Campaigning for 'real' beauty

This week there was some discussion about the Dove campaign in my advertising class at Massey University. It surprised me that the message aroused indifference amongst most of the young women in my class.

The campaign has, by all accounts been a great success for the brand. But 'The campaign for real beauty' is not without its critics.

One of the most interesting points of view is that the message has simply been created with the sole purpose of creating profits for the parent company, rather than expressing an authentic point of view. To support the argument Slate, the online magazine, points out:

Dove's appeal to righteous sisterhood is just another flavor of marketing. And it's not particularly grounded in reality. Are we meant to believe that Unilever, the company that makes Dove, is a force for good? How to reconcile this notion with the ads for another Unilever product, Axe (Lynx in NZ) body spray, in which nearly every woman shown is a skinny, fashion-model-gorgeous nymphomaniac?

Surveying the beauty advertising in fashion magazines shows the Dove campaign is very much in the minority. One point of view, and common advertising dogma, proposes that when competitors 'zig' the thing to do is 'zag'. Become the antigen, the antidote...the uncola.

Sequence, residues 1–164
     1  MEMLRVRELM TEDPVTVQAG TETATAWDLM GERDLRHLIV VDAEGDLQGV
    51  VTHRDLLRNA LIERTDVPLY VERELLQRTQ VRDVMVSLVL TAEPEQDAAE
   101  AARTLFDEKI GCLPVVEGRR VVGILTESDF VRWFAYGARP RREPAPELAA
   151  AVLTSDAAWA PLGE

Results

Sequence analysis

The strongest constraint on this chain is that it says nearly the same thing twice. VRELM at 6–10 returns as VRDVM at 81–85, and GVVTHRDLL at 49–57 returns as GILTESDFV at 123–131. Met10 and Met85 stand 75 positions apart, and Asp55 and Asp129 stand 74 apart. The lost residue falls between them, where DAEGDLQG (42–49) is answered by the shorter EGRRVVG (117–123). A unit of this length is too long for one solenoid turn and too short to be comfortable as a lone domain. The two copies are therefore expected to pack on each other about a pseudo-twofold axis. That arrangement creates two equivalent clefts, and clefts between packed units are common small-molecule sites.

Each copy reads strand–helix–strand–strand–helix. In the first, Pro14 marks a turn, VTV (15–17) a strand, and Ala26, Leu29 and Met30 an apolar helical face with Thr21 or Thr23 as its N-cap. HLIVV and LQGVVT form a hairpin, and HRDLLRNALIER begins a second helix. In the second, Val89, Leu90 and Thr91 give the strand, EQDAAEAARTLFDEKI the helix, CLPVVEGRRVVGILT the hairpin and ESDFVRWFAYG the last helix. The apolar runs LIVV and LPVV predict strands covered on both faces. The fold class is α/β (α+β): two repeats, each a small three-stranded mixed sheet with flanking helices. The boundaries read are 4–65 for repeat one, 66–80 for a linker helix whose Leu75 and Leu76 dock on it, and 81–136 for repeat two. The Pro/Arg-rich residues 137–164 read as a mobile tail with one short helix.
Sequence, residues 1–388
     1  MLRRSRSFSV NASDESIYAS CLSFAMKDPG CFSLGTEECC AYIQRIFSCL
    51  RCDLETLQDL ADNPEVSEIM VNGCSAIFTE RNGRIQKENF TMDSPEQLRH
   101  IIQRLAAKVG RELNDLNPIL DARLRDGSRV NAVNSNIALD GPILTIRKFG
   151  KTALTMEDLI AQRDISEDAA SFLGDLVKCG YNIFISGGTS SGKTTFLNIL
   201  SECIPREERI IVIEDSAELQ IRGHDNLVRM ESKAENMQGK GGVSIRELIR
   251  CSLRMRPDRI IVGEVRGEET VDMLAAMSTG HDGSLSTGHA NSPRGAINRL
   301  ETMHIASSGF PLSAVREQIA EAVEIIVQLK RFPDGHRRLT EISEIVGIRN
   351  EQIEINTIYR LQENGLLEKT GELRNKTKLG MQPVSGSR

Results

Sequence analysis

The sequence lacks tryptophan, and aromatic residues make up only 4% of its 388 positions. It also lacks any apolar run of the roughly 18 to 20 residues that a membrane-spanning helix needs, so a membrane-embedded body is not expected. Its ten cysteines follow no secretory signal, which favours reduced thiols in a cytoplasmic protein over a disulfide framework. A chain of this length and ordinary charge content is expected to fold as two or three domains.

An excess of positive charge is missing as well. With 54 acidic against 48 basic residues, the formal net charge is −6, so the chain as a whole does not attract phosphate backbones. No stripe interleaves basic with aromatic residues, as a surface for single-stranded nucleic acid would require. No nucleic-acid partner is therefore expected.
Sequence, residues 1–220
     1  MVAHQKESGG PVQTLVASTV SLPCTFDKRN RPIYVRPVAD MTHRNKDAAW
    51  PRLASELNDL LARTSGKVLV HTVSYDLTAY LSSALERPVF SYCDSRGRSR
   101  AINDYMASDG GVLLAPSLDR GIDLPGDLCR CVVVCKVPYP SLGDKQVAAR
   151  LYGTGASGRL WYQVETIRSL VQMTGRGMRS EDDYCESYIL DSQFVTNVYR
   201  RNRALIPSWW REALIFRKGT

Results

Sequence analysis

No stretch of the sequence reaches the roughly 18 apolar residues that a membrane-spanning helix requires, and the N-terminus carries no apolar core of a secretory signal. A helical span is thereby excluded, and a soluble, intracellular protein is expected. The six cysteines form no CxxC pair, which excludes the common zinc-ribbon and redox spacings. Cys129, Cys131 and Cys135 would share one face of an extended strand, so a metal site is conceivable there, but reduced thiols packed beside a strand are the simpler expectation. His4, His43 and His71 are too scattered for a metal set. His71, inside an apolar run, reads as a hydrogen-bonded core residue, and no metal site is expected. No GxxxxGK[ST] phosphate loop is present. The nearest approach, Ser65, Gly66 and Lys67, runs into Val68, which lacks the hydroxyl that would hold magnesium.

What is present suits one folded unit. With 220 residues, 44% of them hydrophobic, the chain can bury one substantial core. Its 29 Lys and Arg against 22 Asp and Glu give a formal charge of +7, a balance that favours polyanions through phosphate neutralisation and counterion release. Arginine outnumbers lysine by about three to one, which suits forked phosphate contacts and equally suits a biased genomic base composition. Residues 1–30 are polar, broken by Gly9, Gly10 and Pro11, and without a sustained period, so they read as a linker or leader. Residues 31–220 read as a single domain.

The last word goes to Slate again:

There's a reason advertising in the beauty industry is almost always aspirational (Oh, if I buy this, I'll look more like the stunningly beautiful woman in the ad?). I would love to think that, with the help of these Dove spots, women will forget all about society's unfair beauty standards and simply aspire to feel good about themselves. That would be wonderful. But I find it hard to believe that Dove has actually reversed a lot of powerful instincts that are deeply rooted in the human psyche. Down the line a little—when the buzz has faded from Dove's social statement as sales pitch—I think we'll begin to see some skinnier, hotter women slipping into their advertising.

Well, maybe not the last word...on the Lovemarks site I note that the thing that most of the women who left messages about Dove as a 'lovemark' like most is...the products. Maybe hype is just that at the end of the day.


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